• Thao Do 2008 Goldwater Scholar

Thao was awarded the 2008 Goldwater Scholarship for her research project at Virginia Tech, which focuses on the synthesis of nanoprisms for cancer therapy. As an NIH-OxCam Scholars she continued her research at the National Institutes of Health and the University of Oxford with a doctorate thesis, which describes how HIV-1 travels from blood cells to brain cells using fluorescent and 3D electron microscopy.

“The Goldwater application was one of the few instances in my life when I’m asked to reflect on my goals and talk about the awesomeness of science! I loved having a committee of super smart scientists, who carefully read my thoughts about how we can advance medicine. It is such a privilege to have an audience and I am very grateful for the generosity of their time and attention.”

When Thao was doing her Ph.D., she loved reconstructing hundreds of electron microscopy images into 3D models and then 3D-printing them into sculptures. It’s such a fun and novel way to share the magical world of biology with others.

Today, Thao works as the Education and Academia Program Manager at 23andMe, where she creates innovative educational content. This year, she wrote a Genetics 101 booklet and created a student magazine “The DNA Decoder” with a team of students from across the nation. She is also designing an interactive learning app by incorporating interesting video game elements from classic games like Zelda, Super Smash Bros, and Sonic. She is currently directing the creation of a series of children’s books and designing a virtual reality experience, where the viewers can travel inside the human body.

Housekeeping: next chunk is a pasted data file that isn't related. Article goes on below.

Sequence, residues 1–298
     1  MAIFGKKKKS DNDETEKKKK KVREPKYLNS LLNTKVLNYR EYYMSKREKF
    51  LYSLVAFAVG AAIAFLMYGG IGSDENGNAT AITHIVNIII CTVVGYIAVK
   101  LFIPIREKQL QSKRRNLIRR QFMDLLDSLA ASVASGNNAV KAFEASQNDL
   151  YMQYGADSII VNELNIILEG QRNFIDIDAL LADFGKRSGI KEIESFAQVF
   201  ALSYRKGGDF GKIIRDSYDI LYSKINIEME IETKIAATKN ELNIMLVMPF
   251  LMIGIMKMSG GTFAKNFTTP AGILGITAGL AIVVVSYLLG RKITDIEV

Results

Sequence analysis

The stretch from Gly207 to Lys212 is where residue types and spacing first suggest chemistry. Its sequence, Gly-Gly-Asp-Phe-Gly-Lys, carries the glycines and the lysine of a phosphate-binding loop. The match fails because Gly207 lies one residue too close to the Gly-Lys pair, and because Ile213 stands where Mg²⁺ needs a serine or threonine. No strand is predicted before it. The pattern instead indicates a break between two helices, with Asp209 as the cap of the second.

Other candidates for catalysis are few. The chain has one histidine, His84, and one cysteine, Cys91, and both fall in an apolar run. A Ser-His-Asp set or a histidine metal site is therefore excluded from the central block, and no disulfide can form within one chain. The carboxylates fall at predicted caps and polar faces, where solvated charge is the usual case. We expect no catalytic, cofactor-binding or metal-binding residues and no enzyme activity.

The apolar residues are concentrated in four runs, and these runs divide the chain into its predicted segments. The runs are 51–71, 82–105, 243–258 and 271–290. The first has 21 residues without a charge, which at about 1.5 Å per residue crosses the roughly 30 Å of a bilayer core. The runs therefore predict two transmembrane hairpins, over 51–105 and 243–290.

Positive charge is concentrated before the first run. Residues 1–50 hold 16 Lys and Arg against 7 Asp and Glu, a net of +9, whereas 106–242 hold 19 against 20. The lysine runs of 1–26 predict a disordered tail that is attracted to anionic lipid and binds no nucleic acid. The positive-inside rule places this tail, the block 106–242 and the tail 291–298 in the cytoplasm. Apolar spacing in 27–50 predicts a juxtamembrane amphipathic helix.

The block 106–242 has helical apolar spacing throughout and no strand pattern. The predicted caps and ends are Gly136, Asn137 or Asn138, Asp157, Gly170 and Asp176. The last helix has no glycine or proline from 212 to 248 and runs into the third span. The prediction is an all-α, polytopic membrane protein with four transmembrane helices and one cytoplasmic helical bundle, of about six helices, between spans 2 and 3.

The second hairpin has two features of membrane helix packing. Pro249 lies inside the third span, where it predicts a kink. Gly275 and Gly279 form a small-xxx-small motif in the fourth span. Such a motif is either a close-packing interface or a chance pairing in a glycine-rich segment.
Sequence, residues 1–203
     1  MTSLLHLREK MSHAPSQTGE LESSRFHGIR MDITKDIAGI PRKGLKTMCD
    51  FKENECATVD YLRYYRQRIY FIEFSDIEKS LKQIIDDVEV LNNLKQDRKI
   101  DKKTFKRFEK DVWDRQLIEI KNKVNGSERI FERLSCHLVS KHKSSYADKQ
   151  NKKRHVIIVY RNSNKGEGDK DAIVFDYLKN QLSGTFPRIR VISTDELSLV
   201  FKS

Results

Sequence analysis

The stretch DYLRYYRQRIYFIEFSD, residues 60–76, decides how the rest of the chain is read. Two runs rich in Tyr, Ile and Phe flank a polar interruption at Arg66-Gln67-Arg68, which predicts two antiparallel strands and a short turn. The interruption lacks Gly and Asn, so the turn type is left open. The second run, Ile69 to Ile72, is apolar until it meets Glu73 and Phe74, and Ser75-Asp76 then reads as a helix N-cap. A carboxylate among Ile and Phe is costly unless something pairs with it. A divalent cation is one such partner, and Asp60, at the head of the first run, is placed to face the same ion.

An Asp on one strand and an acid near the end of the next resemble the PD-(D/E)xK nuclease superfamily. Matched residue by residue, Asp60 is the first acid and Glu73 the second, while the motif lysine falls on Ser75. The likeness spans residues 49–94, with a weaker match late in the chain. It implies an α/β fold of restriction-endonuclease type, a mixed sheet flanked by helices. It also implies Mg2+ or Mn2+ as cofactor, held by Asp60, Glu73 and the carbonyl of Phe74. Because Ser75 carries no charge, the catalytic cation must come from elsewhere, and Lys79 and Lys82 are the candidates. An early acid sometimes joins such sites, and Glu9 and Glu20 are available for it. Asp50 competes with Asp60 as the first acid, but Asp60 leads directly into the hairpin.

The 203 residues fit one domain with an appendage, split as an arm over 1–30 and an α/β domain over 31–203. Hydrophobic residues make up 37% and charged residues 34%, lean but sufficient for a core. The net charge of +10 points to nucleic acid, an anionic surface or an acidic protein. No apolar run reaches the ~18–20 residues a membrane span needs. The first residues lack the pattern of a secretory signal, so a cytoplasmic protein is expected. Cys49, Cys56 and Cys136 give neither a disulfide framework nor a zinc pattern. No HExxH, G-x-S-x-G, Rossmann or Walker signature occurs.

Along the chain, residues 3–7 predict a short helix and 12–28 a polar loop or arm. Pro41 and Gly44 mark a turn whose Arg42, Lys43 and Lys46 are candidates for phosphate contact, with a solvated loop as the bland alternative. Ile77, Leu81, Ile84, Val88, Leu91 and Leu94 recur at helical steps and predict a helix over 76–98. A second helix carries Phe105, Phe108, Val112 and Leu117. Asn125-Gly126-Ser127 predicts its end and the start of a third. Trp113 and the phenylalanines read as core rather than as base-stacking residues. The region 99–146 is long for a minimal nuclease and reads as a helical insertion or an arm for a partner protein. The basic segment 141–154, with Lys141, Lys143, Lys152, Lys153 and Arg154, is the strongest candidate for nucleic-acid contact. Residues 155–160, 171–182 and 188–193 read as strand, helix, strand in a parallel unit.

What she loves about genetics is that it is one of the few scientific fields that can bring people together. People from different ethnic backgrounds, fields of study, geographic regions, backgrounds…We are all connected. Genetics is the link.

When Thao is not working, she is training to be a certified private pilot. Flight training has been a challenging journey, from memorizing aviation regulations, learning new aviation language, understanding meteorology and weather patterns, to performing emergency maneuvers under time pressure. She is regularly challenged to step into her fears and strengthen her mind, body, and spirit. To help her process her experiences, she is writing a book called “Courage in Flight: Act with creative confidence in the face of uncertainty.”

“At the end of the day, I always follow my fun. I do what I’m most curious about and I do it with all of my heart. I think science could use a little more heart and soul. We should execute with technical competence but make decisions with heart-felt confidence. I want to bring more joy and aliveness into science. I want to share the love of science, the love of humanity, the love of simply being alive, with the world.”